Buddhist monk Seki Kouzen died at the age of 91 on Wednesday. He dedicated his entire life to commemorating all the Koreans who were murdered during the Kanto massacre.
Documentary filmmaker Oh Choong-kong said on Thursday that the chief monk of Kannon-ji Temple contributed greatly to shedding light on the slaughter which took place in Takatsu, Chiba following the Great Kanto Earthquake in 1923 where numerous Koreans were killed by Japanese farmers with their hands tied.
Unlike other villagers who tried to conceal the killings, the late monk tried to raise awareness of the tragic incident among Koreans. He built a bell tower in Takatsu to honor the victims with the help of former Hyundai Theater Chairman Kim Ui-gyeong and former director of the Korean folk drama research center Shim U-seong, who passed away in 2016 and 2018 respectively. He organized a memorial ceremony for the victims every year at Kannon-ji Temple, which is located near the place of the massacre. With a Japanese civic group, he also convinced villagers to help him find the remains of the victims. The excavation began in 1998 and found the remains of six victims so far, which are now buried next to the memorial of the massacre.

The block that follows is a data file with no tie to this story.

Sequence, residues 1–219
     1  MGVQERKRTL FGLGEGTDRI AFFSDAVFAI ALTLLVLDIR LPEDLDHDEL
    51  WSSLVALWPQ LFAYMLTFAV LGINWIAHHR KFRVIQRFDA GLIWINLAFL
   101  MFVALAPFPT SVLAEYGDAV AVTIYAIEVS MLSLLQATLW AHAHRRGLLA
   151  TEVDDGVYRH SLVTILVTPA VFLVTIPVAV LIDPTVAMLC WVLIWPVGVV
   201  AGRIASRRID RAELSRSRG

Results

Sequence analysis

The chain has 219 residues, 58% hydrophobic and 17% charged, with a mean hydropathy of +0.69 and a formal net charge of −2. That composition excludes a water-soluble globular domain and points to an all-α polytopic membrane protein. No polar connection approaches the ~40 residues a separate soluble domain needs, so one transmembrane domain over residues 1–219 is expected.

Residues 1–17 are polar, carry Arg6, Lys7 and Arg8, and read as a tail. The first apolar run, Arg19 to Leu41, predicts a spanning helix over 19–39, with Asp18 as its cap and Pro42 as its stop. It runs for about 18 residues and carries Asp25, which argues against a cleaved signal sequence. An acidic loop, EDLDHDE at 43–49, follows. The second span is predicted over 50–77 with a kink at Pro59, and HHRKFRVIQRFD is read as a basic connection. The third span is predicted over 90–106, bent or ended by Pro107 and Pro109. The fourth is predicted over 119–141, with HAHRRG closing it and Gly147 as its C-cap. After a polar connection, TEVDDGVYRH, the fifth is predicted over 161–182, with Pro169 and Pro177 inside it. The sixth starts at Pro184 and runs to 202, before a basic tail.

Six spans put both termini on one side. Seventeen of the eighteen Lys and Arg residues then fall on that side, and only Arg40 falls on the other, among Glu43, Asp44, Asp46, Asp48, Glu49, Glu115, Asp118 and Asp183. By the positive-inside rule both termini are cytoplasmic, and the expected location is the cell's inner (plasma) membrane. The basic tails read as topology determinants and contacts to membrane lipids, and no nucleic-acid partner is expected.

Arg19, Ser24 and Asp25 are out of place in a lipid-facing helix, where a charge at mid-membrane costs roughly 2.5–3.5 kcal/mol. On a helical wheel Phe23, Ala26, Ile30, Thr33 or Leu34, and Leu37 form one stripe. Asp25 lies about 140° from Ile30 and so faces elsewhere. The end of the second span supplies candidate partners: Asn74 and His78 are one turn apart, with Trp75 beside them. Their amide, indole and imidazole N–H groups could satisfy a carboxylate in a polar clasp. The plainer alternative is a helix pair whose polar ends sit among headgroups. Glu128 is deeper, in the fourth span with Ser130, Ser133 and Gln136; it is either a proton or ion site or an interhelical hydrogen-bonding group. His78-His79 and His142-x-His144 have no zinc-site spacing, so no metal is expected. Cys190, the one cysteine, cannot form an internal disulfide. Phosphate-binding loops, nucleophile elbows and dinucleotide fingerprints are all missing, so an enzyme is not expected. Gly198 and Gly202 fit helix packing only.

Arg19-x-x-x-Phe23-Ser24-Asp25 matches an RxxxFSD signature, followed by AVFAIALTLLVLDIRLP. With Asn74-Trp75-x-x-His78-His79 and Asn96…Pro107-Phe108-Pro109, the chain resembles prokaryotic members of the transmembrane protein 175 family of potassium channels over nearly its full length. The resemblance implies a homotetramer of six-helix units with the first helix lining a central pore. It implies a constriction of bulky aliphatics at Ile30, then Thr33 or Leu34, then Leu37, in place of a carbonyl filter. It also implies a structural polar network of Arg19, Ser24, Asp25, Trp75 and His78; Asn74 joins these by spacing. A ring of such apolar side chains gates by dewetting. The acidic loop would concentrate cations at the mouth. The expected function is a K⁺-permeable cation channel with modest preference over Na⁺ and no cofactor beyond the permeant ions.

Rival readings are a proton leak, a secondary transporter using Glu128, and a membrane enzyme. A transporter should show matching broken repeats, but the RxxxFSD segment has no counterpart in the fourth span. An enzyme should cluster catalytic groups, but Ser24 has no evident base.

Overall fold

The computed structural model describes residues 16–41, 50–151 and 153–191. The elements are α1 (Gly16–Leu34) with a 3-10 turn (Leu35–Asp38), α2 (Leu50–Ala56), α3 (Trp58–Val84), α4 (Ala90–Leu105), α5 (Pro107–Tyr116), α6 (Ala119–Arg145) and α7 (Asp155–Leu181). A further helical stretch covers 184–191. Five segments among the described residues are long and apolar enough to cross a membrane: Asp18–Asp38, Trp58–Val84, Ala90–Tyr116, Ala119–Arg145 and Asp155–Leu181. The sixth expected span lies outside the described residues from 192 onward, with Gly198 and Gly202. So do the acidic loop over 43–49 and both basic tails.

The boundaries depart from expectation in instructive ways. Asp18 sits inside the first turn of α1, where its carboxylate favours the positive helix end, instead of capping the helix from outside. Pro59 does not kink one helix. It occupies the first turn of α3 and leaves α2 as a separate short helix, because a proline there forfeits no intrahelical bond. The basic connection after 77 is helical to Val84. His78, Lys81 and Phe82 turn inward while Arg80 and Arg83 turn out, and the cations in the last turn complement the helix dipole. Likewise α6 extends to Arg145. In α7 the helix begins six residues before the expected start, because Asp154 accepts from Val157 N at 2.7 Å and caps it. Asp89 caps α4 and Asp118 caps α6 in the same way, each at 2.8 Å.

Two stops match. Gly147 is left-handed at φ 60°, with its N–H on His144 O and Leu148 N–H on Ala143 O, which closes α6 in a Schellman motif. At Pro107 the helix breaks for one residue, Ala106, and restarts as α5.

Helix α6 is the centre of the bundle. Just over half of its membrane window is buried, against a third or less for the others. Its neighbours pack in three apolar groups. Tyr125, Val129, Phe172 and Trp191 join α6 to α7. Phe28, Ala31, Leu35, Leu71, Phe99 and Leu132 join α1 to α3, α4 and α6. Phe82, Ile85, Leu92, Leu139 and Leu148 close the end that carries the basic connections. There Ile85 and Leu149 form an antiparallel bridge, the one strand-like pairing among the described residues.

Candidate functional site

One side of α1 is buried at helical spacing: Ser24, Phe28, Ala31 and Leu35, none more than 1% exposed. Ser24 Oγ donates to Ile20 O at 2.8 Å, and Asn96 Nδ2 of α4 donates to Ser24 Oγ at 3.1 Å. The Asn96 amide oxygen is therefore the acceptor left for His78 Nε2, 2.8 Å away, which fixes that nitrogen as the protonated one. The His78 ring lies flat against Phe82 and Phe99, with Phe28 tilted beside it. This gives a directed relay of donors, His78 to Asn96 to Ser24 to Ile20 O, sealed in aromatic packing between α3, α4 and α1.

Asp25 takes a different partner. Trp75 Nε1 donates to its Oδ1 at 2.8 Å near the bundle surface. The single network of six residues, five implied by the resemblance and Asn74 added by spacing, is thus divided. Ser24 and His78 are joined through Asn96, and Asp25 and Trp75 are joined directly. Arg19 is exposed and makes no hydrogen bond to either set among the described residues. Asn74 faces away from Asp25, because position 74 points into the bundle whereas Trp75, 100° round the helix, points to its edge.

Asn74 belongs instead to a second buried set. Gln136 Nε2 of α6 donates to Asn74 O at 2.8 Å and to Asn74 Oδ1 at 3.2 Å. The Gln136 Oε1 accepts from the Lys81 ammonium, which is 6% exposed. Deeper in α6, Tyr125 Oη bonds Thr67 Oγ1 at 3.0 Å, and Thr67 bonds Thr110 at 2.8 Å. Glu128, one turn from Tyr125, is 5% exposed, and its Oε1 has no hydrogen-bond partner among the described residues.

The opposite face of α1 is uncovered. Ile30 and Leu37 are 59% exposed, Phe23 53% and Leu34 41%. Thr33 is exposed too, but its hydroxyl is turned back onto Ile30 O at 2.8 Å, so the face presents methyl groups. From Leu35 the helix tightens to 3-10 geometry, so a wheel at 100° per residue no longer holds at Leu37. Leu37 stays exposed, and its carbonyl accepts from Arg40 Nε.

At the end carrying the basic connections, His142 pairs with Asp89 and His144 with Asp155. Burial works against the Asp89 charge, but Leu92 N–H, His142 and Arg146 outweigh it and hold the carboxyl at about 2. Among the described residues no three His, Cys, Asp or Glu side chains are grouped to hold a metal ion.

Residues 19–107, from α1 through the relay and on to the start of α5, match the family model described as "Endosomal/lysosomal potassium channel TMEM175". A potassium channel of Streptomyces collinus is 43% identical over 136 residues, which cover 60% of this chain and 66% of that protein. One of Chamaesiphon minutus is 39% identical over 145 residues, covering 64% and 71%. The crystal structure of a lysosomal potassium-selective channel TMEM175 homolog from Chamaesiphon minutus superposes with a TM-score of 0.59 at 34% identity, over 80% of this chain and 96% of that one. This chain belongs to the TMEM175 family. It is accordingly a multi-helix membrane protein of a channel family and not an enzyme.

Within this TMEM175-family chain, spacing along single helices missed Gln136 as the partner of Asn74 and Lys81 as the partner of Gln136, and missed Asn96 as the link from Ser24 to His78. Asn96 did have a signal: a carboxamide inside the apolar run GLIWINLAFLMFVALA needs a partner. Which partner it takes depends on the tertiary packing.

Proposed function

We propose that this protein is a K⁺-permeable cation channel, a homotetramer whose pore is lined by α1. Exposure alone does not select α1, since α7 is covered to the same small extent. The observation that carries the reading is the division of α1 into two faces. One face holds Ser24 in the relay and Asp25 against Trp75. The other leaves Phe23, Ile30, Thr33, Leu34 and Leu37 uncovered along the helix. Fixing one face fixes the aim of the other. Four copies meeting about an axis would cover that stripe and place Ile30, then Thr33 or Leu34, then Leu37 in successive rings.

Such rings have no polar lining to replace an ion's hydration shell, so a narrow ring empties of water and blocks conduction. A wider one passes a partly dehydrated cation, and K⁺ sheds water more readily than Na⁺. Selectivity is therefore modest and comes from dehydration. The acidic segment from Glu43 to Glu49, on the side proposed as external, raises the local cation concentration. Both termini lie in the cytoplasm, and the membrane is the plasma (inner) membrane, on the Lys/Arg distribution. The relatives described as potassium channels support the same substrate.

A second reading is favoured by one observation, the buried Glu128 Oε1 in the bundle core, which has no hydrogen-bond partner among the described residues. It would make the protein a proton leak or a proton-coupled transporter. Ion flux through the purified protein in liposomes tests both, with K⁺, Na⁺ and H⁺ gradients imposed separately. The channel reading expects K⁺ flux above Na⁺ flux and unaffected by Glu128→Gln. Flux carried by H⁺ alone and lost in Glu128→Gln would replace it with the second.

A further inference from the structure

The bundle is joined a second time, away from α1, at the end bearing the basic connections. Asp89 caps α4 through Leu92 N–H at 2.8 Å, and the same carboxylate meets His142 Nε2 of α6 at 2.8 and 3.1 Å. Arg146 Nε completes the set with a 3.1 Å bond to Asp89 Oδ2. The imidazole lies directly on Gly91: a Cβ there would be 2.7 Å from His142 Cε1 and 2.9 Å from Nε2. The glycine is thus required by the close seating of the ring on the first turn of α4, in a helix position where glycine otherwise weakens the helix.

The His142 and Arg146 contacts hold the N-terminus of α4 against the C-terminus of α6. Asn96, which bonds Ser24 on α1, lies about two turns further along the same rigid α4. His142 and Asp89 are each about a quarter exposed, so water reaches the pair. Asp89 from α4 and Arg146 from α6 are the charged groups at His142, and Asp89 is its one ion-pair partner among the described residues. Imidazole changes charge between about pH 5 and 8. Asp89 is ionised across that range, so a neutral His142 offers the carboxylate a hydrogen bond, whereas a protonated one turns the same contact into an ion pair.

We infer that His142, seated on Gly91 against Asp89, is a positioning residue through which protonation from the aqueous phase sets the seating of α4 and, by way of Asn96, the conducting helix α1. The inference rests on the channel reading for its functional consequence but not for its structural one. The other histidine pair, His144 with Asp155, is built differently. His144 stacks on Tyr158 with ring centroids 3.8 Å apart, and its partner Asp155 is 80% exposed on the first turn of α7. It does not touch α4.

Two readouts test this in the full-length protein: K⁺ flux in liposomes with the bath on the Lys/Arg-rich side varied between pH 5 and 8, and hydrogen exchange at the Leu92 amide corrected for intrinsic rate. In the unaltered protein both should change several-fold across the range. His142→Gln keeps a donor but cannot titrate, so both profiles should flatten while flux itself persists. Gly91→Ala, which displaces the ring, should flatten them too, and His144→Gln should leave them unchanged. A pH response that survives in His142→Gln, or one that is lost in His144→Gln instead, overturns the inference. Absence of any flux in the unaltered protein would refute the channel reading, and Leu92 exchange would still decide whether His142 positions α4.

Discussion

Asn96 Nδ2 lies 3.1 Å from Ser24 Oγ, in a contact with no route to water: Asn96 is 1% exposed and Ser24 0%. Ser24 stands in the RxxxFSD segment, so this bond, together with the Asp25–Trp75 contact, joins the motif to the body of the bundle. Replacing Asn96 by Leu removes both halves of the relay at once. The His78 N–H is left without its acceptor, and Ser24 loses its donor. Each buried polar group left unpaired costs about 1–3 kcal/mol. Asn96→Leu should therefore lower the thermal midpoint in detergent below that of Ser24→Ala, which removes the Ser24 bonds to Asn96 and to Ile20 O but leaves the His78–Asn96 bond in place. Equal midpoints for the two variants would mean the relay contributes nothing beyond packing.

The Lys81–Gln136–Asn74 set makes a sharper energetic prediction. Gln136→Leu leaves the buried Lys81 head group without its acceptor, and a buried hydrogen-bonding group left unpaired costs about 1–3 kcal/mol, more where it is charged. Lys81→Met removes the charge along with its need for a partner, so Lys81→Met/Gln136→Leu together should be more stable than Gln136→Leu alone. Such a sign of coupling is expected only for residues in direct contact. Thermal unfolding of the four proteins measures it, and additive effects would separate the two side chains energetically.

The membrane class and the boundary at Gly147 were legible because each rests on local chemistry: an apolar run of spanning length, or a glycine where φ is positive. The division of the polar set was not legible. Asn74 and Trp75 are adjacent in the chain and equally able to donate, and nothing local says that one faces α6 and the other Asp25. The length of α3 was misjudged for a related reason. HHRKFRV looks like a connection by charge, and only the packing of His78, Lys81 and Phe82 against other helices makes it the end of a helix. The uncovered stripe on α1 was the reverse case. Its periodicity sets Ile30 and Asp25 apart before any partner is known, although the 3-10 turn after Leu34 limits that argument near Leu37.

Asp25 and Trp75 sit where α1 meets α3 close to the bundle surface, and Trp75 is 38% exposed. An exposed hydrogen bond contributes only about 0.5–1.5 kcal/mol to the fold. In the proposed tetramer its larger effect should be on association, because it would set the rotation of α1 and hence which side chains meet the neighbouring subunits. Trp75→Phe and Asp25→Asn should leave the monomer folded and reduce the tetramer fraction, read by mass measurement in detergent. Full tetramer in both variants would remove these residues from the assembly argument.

The filmmaker made a documentary titled “The Slaughter of Koreans,” which follows the life of the late monk and the process of building the bell tower, in 1985. He said, “Seki Kouzen is a man with a conscience who made the shameful mass killings known to the world.”